The humanized immunoglobulins may be utilized alone in substantially pure form, or together with a therapeutic agent such as tissue plasminogen activator or aspirin active against thrombi. All of these compounds will be particularly useful in treating acute myocardial infarction, unstable angina, stroke and other platelet-mediated disorders. The humanized immunoglobulins or their complexes can be prepared in a pharmaceutically accepted dosage form, which will vary depending on the mode of administration.
The humanized immunoglobulins may also be utilized together with a labeling moiety for use in diagnosing the presence and location of a thrombus, or certain types of cancer cells which develop GPIIb/IIIa on their surfaces, in a human patient. Such labeling moieties include, but are not limited to, radiopaque dyes, radiocontrast agents, fluorescent molecules, spin-labeled molecules, enzymes, or other labeling moieties of diagnostic value, particularly in radiologic or magnetic resonance imaging techniques.
FIG. 1. Scheme for anchored polymerase chain reaction (PCR) cloning of the heavy and light chain variable domain cDNAs. RNA was prepared from about 107 hybridoma cells using the hot phenol extraction method. Briefly, cells were resuspended and vortexed in 1 ml of RNA extraction buffer (50 mM sodium acetate pH 5.2/1% SDS), extracted with 0.5 ml of phenol pH 5.2 at 65° C. for 15 min, followed by another 15 min. on ice. The aqueous phase was recovered and precipitated twice with ethanol. cDNA was synthesized from 10 ug of total RNA using reverse transcriptase (BRL, Bethesda, MD) and oligo dT12-18 (Pharmacia, Piscatway, N.J.) as primers. A poly(dG) tail was attached to the 3' end of the cDNA using terminal deoxynucleotide transferase (BRL) (E. Y. Loh et al., Science 243, 217 (1989)). The variable domain genes (V) were amplified using AmpliTaq (Perkin Elmer-Cetus) with the primer mcO45 (TAATCTAGAATTCCCCCCCCCCCCCCCCC) SEQ. ID NO:1! that hybridized to the poly(dG) tails and primers that hybridized to the constant region genes (C). For the light chain, the primer used was mcO46 (TATAGAGCTCAAGCTTGGATGGTGGGAAGATGGATACAGTTGGTGC) SEQ. ID NO:2!. For the heavy chain, the primer used was mcO47 (TATAGAGCTCAAGCTTCCAGTGGATAGAC(CAT)GATGGGG(GC)TGT(TC)GTTTTGGC) SEQ. ID NO:3!. The sequence in parenthesis indicates a base degeneracy. The degeneracy was introduced so that the primer would be able to hybridize to most gamma chains. The amplified fragments were then digested with EcoRI and HindIII and cloned into pUC18 vector for sequencing.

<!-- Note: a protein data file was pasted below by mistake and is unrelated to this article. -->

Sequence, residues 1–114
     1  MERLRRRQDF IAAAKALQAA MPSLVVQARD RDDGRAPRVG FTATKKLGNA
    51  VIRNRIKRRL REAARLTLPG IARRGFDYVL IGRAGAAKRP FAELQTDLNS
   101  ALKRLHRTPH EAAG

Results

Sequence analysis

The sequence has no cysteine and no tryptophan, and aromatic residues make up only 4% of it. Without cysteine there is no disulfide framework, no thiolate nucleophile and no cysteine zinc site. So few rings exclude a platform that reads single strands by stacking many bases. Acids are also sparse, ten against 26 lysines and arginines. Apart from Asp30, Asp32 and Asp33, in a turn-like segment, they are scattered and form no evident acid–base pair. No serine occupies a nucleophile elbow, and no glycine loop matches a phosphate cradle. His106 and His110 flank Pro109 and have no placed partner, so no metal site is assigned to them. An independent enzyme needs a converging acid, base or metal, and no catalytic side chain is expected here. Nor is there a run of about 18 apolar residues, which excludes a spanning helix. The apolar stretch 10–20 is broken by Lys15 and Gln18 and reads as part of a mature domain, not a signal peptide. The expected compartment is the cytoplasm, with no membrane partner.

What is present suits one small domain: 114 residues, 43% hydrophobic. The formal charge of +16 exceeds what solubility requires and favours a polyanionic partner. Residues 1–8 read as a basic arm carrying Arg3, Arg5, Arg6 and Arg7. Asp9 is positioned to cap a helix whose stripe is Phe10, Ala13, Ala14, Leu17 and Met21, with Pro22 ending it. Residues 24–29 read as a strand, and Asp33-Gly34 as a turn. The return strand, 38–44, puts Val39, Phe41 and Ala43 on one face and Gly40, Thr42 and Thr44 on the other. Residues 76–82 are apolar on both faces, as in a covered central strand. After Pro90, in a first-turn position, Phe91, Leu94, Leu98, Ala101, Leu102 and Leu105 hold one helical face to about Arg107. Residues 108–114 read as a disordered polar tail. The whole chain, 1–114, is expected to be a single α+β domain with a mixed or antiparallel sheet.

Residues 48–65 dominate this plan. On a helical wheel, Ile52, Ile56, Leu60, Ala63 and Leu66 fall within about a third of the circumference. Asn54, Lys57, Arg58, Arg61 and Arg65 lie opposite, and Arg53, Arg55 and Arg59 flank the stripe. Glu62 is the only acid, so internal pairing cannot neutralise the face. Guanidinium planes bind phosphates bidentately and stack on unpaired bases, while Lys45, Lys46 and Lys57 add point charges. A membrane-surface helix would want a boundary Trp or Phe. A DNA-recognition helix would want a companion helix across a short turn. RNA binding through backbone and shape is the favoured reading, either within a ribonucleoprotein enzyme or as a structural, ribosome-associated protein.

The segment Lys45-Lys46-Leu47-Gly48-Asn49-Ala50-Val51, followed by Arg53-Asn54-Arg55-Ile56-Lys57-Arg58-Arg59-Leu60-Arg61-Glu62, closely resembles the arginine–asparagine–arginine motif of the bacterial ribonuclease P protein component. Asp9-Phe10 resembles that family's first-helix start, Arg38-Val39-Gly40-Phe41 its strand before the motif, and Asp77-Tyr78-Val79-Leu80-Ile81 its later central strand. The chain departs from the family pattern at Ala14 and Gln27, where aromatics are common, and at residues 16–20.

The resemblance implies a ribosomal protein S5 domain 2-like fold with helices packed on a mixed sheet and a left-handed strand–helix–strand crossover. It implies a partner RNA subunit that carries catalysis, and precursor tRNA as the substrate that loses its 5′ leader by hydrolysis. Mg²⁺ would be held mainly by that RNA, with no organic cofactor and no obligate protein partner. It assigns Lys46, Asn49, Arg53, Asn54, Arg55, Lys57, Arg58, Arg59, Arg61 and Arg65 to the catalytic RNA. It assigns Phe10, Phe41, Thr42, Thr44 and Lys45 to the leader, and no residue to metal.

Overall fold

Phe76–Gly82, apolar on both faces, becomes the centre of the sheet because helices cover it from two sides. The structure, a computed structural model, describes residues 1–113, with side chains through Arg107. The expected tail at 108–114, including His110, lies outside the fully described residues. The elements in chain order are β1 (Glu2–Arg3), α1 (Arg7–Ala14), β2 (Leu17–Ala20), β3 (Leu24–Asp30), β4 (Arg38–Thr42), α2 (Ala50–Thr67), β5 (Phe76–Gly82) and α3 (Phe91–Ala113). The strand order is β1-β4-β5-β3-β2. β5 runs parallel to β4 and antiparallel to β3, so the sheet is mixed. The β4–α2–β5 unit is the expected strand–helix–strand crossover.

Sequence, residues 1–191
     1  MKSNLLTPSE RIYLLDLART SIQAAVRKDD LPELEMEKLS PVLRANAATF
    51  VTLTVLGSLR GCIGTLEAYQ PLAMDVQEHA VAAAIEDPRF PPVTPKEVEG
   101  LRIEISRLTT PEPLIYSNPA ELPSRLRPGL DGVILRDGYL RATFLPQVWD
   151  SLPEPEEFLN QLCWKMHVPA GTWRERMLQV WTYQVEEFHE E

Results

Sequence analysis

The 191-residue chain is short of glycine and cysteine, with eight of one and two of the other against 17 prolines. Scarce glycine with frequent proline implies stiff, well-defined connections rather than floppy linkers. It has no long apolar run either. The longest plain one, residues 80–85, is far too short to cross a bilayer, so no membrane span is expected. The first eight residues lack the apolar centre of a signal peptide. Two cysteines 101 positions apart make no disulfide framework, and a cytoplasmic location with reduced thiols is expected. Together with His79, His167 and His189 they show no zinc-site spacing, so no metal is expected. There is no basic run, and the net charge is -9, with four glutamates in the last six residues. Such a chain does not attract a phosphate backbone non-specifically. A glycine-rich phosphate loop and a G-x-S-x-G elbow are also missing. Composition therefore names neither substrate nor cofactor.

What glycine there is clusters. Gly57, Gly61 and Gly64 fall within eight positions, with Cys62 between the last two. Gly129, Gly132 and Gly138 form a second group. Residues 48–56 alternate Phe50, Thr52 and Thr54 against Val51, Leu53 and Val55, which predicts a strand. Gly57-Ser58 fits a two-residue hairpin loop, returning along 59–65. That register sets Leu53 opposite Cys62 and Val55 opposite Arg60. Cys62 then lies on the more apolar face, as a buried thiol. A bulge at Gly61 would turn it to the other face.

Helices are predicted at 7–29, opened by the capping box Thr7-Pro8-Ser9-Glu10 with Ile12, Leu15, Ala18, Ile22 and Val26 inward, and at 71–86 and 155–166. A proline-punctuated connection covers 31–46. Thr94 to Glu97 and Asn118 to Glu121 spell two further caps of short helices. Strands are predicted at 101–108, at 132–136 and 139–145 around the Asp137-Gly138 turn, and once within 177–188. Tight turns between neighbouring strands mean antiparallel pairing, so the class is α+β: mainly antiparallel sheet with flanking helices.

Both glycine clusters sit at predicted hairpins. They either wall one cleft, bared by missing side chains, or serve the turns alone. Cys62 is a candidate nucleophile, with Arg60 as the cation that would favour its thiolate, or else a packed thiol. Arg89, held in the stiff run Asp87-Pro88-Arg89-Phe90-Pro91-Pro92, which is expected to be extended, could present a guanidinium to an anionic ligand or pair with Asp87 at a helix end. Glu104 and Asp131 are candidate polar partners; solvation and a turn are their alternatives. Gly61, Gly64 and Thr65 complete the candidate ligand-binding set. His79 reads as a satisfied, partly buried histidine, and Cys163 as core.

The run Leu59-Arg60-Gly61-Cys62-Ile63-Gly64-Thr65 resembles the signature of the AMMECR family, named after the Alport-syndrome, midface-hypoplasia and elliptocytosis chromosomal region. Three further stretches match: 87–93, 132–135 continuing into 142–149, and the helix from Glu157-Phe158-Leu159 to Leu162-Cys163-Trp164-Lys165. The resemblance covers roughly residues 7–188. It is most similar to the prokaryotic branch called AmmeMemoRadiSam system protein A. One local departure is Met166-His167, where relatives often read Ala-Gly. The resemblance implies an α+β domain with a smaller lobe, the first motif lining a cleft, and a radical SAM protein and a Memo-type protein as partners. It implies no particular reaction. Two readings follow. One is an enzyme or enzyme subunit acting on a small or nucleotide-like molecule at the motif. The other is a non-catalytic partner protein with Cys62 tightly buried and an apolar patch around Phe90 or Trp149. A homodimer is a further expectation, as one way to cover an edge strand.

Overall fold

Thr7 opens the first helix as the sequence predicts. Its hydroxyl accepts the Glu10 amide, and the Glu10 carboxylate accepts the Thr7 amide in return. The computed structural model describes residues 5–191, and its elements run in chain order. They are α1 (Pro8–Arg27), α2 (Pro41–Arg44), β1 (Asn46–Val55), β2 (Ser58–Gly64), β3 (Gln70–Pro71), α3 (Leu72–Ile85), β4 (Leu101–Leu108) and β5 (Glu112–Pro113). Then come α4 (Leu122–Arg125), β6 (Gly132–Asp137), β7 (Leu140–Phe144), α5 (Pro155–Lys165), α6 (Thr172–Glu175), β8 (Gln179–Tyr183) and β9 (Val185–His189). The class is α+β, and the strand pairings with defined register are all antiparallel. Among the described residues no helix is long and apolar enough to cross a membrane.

FIGS. 2A and 2B. Sequences of the cDNA and translated amino acid sequences of the light chain (A) SEQ. ID NOS:4 and 5! and heavy chain (B) SEQ. ID NOS:6 and 7! variable regions of the antibody C4G1. The CDR sequences are underlined. The mature light chain protein begins with amino acid 21 D and the mature heavy chain protein with amino acid 20 Q, preceded by the respective signal sequences.
FIGS. 3A and 3B. Schematic diagram of the plasmids pVg1-dhfr (A) and pVk (B). The plasmid pVg1-dhfr contains the following parts: an approximately 4200 base pair BamHI-EcoRI fragment containing the amp and dhfr genes; a 630-bp fragment containing the human cytomegalovirus (CMV) IE1 gene promoter and enhancer (Boshart et al., Cell 41, 521 (1985), which is incorporated herein by reference) flanked at the 5' and 3' ends by EcoRI and XbaI linkers respectively; and a 2800 bp HindIII-PvuII fragment containing the human gamma-1 constant region gene with 215 bp of the preceding intron and the poly(A) signal (Ellison et al., Nucleic Acids Res. 10, 4071 (1982), which is incorporated herein by reference). The plasmid pVk was similarly constructed, with a 1530-bp EcoRI-XbaI fragment containing the human kappa constant region gene and about 335 bp of the preceding intron (Hieter et al., Cell 22, 197 (1980), which is incorporated herein by reference) replacing the gamma-1 gene; and the gpt gene replacing the dhfr gene. The fragments containing the human gamma-1 and kappa constant region genes were flanked at their 5' and 3' ends respectively by created XbaI and BamHI sites. The plasmids were constructed from the indicated parts using methods well-known in the art (see, Maniatis et al., Molecular Cloning: A Laboratory Manual, 2nd ed., Cold Spring Harbor Laboratory, Cold Spring Harbor, N.Y.